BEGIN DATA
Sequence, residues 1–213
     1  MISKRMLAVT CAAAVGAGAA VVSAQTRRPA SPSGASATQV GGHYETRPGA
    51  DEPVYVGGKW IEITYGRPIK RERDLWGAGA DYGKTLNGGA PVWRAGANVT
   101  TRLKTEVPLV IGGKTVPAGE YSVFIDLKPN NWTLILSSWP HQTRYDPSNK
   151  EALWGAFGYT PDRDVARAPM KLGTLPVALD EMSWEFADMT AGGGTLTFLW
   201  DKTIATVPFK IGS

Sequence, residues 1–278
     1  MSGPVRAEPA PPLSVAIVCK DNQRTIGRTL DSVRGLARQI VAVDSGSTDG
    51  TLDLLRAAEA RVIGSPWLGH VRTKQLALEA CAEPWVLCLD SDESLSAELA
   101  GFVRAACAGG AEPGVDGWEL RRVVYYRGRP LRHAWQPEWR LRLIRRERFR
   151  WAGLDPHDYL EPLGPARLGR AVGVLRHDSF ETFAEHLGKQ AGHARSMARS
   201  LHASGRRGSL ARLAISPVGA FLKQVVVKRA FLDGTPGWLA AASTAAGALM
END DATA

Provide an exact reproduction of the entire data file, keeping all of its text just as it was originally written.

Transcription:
Sequence, residues 1–213
     1  MISKRMLAVT CAAAVGAGAA VVSAQTRRPA SPSGASATQV GGHYETRPGA
    51  DEPVYVGGKW IEITYGRPIK RERDLWGAGA DYGKTLNGGA PVWRAGANVT
   101  TRLKTEVPLV IGGKTVPAGE YSVFIDLKPN NWTLILSSWP HQTRYDPSNK
   151  EALWGAFGYT PDRDVARAPM KLGTLPVALD EMSWEFADMT AGGGTLTFLW
   201  DKTIATVPFK IGS

Sequence, residues 1–278
     1  MSGPVRAEPA PPLSVAIVCK DNQRTIGRTL DSVRGLARQI VAVDSGSTDG
    51  TLDLLRAAEA RVIGSPWLGH VRTKQLALEA CAEPWVLCLD SDESLSAELA
   101  GFVRAACAGG AEPGVDGWEL RRVVYYRGRP LRHAWQPEWR LRLIRRERFR
   151  WAGLDPHDYL EPLGPARLGR AVGVLRHDSF ETFAEHLGKQ AGHARSMARS
   201  LHASGRRGSL ARLAISPVGA FLKQVVVKRA FLDGTPGWLA AASTAAGALM